SPEARHEADING A LEGENDARY company such as Lakshmi Machine Works (LMW) that has pioneered manufacturing machinery for the textile industry is a task that comes with lots of expectations and responsibilities. Sanjay Jayavarthanavelu has held and fulfilled both with passion and panache in the last two decades as chairman and MD.
The enterprising DNA in the family started with the business of cotton. Jayavarthanavelu’s great great grandfather G. Kuppuswamy Naidu founded Lakshmi Mills in 1910 for manufacturing cotton yarn. Soon, his son and Sanjay’s great-grandfather Dr. G.K. Devarajulu identified the opportunity in the market for spinning machinery and tools. In 1962, Dr. Devarajulu founded LMW. Sanjay stepped in, armed with a degree in business from the University of Philadelphia.
Speed frame was the first machine to be rolled out from LMW’s shop-floor. The company has come a long way since, and the range currently includes ring spinning and winding machines as well. In the last six decades, LMW has grown steadily, building a portfolio of textile machinery, CNC machine tools, and a foundry division, catering to both domestic and export markets.
“From day one, we understood that it is a continuous process. From raw material to yarn, we are set to provide Indian customers with the entire range of spinning equipment,” Jayavarthanavelu says in an interview.
The spinning market has grown by leaps and bounds in recent years, much ahead of the rest of the textile verticals. India today has an installed capacity of 48 million spindles and exports 1.2 billion kilos of yarn per year. Many players have entered the market, bringing in variety for customers to choose from.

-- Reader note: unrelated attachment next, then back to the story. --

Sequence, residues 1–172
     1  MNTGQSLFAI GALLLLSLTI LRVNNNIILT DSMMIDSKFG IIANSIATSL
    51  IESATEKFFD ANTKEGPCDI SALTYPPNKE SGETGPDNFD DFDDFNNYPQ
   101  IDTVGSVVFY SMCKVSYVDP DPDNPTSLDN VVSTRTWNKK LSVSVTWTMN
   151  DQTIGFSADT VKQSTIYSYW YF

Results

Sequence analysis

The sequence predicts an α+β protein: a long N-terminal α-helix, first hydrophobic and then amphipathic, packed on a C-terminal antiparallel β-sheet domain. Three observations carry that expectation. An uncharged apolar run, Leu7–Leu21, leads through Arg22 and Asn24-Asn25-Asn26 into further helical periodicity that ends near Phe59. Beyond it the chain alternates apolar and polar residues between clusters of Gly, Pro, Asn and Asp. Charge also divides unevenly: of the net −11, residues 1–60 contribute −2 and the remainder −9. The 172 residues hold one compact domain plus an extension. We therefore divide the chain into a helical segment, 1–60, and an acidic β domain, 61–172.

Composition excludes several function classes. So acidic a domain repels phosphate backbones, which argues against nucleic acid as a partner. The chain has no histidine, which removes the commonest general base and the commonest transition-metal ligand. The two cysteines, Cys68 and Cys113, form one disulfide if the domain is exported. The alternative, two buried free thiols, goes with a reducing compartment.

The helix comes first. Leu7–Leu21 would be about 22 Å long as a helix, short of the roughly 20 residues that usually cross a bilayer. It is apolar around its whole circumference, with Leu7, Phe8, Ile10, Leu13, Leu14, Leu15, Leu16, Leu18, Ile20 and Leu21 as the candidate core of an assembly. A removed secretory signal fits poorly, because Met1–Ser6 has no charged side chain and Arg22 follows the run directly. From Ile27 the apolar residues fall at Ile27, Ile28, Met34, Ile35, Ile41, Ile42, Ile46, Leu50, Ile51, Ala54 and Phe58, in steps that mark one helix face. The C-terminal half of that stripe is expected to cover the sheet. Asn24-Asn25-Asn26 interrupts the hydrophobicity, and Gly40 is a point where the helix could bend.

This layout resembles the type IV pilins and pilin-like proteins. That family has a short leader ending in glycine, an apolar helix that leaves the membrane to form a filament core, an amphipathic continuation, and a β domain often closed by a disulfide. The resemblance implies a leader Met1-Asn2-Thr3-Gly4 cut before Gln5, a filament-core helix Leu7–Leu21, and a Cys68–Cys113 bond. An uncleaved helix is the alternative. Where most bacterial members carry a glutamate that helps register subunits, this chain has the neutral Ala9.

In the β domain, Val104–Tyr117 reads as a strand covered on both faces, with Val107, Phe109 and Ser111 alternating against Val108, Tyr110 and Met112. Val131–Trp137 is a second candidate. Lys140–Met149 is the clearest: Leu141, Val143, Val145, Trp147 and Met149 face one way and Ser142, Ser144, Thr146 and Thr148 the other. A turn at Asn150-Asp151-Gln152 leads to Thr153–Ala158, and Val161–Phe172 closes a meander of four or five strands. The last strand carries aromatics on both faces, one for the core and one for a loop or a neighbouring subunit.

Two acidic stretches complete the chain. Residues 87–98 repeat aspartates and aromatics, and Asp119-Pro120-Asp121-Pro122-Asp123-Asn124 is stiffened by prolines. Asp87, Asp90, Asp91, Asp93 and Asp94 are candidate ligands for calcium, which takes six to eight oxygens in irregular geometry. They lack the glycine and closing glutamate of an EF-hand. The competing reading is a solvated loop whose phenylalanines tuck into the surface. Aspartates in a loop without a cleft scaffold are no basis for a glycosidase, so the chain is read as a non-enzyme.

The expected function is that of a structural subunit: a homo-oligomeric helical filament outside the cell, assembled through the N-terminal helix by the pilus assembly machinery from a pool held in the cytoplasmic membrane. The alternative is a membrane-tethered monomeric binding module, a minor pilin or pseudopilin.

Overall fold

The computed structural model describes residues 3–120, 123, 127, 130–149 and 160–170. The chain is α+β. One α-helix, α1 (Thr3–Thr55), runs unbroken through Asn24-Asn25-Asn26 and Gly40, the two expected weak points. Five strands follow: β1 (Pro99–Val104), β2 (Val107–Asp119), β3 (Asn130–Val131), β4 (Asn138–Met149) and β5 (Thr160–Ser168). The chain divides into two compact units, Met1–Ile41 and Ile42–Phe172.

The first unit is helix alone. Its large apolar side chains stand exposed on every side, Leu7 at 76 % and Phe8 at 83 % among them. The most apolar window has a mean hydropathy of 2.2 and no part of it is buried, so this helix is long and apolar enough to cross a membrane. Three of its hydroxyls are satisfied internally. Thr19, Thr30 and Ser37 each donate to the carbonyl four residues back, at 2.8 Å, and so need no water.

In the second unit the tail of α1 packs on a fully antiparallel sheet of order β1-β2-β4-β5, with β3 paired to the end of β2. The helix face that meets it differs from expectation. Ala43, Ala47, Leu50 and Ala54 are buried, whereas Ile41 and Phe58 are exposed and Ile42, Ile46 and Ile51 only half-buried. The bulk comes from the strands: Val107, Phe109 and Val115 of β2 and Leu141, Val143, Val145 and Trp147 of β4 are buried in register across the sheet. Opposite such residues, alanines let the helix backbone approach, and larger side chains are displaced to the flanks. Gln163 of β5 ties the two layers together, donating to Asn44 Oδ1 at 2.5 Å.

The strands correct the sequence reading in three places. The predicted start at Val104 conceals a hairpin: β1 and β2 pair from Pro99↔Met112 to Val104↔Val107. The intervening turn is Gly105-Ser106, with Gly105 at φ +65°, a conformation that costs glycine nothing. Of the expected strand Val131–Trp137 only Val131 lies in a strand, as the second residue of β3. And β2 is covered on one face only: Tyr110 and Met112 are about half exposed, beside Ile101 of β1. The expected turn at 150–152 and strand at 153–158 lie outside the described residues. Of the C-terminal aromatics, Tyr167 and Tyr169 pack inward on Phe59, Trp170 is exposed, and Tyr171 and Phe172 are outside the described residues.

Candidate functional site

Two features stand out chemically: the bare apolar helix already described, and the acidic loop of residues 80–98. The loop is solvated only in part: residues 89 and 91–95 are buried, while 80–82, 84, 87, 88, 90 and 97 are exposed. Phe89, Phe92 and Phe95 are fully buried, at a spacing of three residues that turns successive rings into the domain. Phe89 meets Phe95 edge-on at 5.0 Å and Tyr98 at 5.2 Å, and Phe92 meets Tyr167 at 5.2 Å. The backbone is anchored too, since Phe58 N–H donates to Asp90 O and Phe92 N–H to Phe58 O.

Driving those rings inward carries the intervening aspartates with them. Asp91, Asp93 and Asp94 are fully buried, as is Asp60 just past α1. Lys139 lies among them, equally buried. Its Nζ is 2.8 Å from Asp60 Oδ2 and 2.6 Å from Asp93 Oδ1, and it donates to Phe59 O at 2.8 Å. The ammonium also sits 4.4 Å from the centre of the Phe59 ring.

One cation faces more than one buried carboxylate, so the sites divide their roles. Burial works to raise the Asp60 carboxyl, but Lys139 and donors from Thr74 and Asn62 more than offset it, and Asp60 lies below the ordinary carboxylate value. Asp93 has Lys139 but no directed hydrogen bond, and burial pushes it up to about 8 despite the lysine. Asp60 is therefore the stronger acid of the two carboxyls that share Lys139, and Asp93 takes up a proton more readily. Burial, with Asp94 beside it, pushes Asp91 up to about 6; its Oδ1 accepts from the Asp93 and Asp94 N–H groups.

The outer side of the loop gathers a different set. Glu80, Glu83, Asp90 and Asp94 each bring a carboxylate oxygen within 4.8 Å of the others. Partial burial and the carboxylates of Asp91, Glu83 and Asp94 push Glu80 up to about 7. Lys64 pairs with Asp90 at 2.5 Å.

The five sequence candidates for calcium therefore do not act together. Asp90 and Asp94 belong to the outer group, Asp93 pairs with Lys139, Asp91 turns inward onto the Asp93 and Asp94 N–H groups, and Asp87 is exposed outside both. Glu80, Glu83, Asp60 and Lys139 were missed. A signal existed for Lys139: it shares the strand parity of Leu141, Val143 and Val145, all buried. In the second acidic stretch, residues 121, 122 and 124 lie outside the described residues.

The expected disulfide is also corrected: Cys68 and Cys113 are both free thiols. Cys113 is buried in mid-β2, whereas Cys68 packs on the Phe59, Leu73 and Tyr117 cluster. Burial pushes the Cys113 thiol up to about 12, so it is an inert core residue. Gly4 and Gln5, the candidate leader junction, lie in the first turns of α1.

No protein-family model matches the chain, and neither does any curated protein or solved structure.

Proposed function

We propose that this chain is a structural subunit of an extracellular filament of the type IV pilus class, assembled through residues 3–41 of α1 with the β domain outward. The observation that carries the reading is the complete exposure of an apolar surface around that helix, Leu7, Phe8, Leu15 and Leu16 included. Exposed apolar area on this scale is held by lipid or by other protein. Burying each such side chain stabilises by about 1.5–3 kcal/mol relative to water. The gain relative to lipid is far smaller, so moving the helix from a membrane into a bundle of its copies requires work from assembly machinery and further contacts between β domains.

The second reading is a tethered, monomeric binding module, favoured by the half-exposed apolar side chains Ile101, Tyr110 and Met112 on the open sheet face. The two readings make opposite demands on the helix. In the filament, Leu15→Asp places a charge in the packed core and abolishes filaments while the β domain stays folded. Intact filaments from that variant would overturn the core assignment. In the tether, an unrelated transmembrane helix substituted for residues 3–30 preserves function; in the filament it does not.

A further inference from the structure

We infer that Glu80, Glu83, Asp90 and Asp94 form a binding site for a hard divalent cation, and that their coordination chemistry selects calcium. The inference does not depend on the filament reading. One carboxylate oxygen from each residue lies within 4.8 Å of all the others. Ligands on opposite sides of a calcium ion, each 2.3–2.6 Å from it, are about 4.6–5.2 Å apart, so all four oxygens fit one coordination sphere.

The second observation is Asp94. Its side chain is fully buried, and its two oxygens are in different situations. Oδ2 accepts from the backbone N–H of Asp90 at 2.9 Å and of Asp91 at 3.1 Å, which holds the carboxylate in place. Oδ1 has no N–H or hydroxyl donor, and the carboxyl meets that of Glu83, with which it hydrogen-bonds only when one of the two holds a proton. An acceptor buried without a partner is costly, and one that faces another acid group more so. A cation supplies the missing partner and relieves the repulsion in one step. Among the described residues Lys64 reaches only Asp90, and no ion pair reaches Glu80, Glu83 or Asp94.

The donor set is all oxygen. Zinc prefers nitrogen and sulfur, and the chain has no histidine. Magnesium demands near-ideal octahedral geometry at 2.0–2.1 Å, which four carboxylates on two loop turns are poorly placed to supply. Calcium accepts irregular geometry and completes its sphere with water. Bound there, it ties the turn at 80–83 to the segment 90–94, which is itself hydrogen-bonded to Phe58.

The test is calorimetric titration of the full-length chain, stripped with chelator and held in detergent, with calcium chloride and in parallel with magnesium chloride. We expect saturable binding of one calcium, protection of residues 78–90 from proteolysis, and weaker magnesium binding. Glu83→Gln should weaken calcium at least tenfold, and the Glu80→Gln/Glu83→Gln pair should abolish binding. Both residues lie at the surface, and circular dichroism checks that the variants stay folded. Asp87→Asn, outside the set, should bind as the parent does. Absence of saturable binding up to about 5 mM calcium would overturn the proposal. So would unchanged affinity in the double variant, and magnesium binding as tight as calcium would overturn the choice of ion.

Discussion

For LMW, however, sales is not the only goal. The company’s solutions are supported by continuous innovation. A dedicated team works to foresee the problems — be it energy, speed or productivity of machines, and fixes them for customers. “Each individual requirement has a place,” says Jayavarthanavelu.
From inception till date, cost-effectiveness has been at the heart of LMW’s philosophy. For the company, cost is a reflection of a product’s lifecycle. Hence, it tries to keep costs within an affordable range through continuous R&D, keeping in mind the unpredictability in the spinning cycles and raw material availability. The introduction of high-speed machinery for spinning has added a new layer to the company’s cost-competitiveness.
Textile has always been a capital-heavy and cyclical business. Moreover, most companies function conservatively, and pump profits back, irrespective of the performance. Hence investing in new machinery is beyond reach for many. LMW offers automatic winding machines and jet spinning machines as OEM products. It has also introduced machines to spin recycled fibres.
Growth and evolution for the iconic brand, after being in the business for more than six decades, translates into the drive to strengthen and support industry growth. As a sector leader, Jayavarthanavelu believes in building a resilient ecosystem to enable companies to reach out to one another in times of need. It prevents disruptions to the value chain during a big catastrophe such as Covid, he says. He also organises mentoring and guidance sessions for young entrepreneurs to give them a heads-up about the industry and the trends.
For Jayavarthanavelu, sustainability means embracing it at all levels — business, environment and community. It includes reduction of the company’s carbon footprint by transforming the design, manufacture and packaging of the products, and digitising systems and processes.
India has a bright future ahead in textiles and can easily double its global footprint, says Jayavarthanavelu. In the context of growth, “LMW will strive to remain a relevant brand that continues to support customers,” he adds.